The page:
Finish what I 

This energizer is to get people talking with each other. It can either concern personal things or business-related things. It all depends on which angle you want to take on this.


Get people talking about a specific topic you wish to address, or just for people to get to know each other.


Pen and paper



Setting it up:

This little energizer is a great way to introduce people to each other, but also a great way to move from one topic to the next – depending on the angle you put on it.

First have people write down the beginning of a sentence. If you go with this as an icebreaker it could be personal things such as:

  • I’m the best at…
  • The worst food I ever ate was…
  • The best job I’ve occupied is…
  • My biggest dream is…
  • If I could change one thing in this world it would be…
  • Nothing makes me more furious than…
  • The TV show I like the most is…
  • The most daring thing I’ve tried is…

You get the idea. You can say these out loud for inspiration. But encourage people to write down things they really want to know about people. Once they have 3-5 different statements, instruct them to move around, meeting different people, ask them the questions.

If you use this as an introduction to get to know each other, you’ll have people walk around the room and complete each other’s sentences.

A good (and fun) way to do this as an icebreaker, is to instruct people to start their meeting with the stranger by shaking hands, the one with the longest hair start by saying, “Hi my name is X, what can I tell you about myself?” Then the other person asks the questions and get the answers. Afterwards the roles are reversed. Once both have answered, they shake hands again and say, “What a pleasure to meet you!”

This way everyone will know really odd, interesting and funny things about each other really quick.

If you want to use this as to move from one topic to the next, you’ll instruct the participants in a couple of leading questions related to the topic you wish to discuss. If for instance you want to talk about values in the company, you would give examples such as:

  • I think values in a company are important because…
  • To me “Trust” (assuming that’s a value) is an interesting value since…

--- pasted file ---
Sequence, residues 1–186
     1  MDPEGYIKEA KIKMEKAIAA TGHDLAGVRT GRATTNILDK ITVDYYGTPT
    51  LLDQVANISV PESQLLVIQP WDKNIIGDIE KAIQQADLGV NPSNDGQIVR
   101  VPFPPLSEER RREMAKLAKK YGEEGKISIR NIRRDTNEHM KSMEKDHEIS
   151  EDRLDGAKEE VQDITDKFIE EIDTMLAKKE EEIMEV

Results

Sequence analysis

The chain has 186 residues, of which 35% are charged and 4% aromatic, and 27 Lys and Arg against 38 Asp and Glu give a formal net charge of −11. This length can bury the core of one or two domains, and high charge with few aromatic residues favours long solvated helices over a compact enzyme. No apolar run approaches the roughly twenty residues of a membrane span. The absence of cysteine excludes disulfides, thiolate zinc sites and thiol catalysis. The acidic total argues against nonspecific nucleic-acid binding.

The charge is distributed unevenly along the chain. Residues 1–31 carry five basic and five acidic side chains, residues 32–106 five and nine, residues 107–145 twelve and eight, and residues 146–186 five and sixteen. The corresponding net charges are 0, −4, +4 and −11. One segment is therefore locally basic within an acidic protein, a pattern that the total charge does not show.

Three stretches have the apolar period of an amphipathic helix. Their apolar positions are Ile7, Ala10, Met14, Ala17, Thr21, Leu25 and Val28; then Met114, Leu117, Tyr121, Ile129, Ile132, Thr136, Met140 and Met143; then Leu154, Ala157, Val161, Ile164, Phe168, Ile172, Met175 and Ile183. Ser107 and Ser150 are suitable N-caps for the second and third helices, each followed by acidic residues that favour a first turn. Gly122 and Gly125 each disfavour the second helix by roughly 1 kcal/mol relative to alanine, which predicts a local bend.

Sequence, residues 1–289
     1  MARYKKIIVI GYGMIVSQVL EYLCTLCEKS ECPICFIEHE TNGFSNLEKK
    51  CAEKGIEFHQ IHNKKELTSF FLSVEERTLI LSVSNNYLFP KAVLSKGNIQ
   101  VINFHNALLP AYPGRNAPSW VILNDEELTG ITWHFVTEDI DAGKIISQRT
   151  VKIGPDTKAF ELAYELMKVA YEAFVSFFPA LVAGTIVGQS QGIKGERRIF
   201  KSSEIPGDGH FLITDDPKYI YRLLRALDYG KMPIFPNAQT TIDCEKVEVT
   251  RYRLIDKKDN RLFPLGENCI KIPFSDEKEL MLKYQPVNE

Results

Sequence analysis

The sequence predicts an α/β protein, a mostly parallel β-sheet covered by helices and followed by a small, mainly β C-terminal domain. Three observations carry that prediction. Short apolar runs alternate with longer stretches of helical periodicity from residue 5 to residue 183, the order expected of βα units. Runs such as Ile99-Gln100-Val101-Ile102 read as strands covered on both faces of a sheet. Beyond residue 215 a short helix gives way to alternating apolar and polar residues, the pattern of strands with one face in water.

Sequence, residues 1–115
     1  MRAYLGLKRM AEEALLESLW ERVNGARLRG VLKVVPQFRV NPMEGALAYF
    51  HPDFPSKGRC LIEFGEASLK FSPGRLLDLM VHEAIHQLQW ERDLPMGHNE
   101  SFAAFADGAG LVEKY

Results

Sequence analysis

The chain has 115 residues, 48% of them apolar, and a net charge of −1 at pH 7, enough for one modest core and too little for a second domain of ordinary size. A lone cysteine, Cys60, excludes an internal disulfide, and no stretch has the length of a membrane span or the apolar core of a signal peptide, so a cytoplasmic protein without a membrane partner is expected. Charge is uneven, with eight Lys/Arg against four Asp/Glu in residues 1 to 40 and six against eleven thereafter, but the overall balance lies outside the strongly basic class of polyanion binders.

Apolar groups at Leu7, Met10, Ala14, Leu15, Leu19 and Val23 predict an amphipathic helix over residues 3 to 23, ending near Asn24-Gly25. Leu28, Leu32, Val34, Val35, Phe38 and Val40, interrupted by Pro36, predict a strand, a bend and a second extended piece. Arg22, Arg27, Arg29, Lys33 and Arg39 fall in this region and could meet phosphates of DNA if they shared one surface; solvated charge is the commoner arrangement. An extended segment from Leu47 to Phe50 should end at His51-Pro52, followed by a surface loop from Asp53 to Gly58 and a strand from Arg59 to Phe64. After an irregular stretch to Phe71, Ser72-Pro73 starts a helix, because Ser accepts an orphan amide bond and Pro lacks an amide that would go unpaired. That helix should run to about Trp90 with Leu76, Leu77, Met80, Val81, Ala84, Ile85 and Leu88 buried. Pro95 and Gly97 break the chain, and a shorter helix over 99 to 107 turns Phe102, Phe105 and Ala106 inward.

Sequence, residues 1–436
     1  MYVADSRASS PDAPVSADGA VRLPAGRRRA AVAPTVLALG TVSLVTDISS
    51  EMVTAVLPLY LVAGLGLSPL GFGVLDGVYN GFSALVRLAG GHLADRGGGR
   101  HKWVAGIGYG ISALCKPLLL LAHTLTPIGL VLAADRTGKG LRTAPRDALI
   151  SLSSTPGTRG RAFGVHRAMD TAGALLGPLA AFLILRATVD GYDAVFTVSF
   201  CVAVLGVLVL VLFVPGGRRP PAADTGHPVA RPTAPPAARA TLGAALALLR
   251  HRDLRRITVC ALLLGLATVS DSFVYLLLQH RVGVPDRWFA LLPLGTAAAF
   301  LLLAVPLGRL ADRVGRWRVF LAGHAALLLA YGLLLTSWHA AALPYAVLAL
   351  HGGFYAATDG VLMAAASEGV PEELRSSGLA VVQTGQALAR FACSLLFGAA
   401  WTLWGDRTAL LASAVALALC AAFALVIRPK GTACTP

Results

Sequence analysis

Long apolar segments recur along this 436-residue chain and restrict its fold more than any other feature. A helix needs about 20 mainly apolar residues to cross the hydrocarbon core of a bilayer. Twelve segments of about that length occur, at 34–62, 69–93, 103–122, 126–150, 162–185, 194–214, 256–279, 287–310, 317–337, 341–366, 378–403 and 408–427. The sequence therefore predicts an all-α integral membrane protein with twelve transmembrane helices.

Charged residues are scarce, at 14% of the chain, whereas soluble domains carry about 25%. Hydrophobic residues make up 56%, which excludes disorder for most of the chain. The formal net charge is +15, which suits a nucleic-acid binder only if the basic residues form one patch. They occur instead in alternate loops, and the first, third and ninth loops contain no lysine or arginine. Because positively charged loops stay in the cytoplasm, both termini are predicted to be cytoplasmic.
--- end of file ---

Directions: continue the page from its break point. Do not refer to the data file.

• Without “Honesty” (assuming that’s a value) my workday would be…
  • To me “Competitive” (assuming that’s a value) means…
  • Without “Responsibility” the company would be…

Make sure you inspire the group, so they have a chance to create meaningful and worthwhile questions for the rest of the group to respond to. Otherwise it won’t make any sense at all.

Once everyone has spent time asking people left and right, pick a couple of your participants to reveal what they learned about the others. You can do this completely anonymous. Once they’ve revealed their learnings, it’s quite alright to ask them, “Why did you pick this particular question?” Maybe it’s really important to them and interesting to discover why that is. Facilitate it with the rest of the group. Does he/she have a good point? Why is this important? What are the consequences of not being aligned with this?

Facilitation notes:

It doesn’t matter if it’s values, strategy, performance, goals, vision etc. that you engage your group in. Just be sure to inspire them with ideas to questions they can ask. Not everyone is super inventive, so they need help with it comes to specifics. Asking personal questions is easy. Asking questions which are work related is much harder and requires a bit more from you as facilitator.

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After years of experience with thousands of participants at conferences, meetings, sales training, kick-offs and much more, we’ve decided to share some of our experiences and tools on the internet, to help battle boring meetings and help presenters, speakers, trainers, teachers, managers and more, to deliver more powerful and engaging sessions and meetings.

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